For me, there were three points of appeal to Carter’s presence at the University: I believe Jimmy Carter to have done very well as a human rights activist (so much better than he did as a US President, I believe). Additionally, he is a man very much hated by a group of Iranians who hold him directly responsible for the regime change of 1979 in Iran. I don’t actually agree with the second point, but it intrigued me enough to want to hear this man talk. The last point is that I believe whether he was good or bad, effective or useless, a servant of human rights or a traitor to them, history will have until eternity to judge Jimmy Carter and other leaders to measure and evaluate them; however, in my limited lifetime, whenever I have a chance to go see major figures of our contemporary history, I never pass it up.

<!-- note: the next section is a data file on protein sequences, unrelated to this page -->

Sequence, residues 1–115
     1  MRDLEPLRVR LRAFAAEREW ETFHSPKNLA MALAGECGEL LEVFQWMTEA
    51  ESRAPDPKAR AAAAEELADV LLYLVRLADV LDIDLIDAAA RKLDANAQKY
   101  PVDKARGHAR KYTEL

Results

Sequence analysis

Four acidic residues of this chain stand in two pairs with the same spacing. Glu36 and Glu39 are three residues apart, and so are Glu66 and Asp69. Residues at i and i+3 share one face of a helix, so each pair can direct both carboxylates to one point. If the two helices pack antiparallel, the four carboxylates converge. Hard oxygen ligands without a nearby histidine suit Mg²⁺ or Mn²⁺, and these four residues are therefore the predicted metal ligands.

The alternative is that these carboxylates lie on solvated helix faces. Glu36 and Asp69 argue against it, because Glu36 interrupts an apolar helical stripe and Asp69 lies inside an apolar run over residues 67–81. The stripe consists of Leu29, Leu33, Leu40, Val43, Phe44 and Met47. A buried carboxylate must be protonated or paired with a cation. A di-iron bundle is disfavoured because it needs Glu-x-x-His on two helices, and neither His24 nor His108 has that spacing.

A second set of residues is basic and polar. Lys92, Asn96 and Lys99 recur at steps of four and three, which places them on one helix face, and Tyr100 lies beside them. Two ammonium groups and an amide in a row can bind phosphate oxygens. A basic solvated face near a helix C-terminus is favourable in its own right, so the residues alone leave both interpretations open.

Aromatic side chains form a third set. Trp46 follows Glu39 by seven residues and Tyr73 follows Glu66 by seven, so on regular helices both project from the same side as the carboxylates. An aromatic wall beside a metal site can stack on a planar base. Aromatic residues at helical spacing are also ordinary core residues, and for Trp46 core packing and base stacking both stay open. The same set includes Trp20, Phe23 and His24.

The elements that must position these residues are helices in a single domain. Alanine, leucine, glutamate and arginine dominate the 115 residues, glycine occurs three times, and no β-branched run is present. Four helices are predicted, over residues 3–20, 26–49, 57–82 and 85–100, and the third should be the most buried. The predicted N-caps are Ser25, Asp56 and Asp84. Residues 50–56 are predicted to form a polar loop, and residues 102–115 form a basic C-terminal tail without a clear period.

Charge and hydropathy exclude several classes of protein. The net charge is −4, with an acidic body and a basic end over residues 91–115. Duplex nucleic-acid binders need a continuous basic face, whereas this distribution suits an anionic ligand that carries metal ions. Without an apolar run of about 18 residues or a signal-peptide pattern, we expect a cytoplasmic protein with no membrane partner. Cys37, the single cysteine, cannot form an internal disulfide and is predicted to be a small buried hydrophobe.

Jimmy Carter talked about his book, and the plight of Palestinians. The overall premise of his book is that while he criticizes suicide bombers and those who "consider the killing of Israelis as victories,” he says "some Israelis believe they have the right to confiscate and colonize Palestinian land and try to justify the sustained subjugation and persecution of increasingly hopeless and aggravated Palestinians." He said Israel will never find peace unless it withdraws from its neighbor’s lands and stops persecuting Palestenians.
He then had a talk with Orville Schell, Dean of Berkeley's Graduate School of Journalism. Schell asked Carter several questions, including what he thought about US taking military action against Iran, and he replied it would be a catastrophe, worse than Iraq.
Another interesting day in Berkeley, wouldn't you say?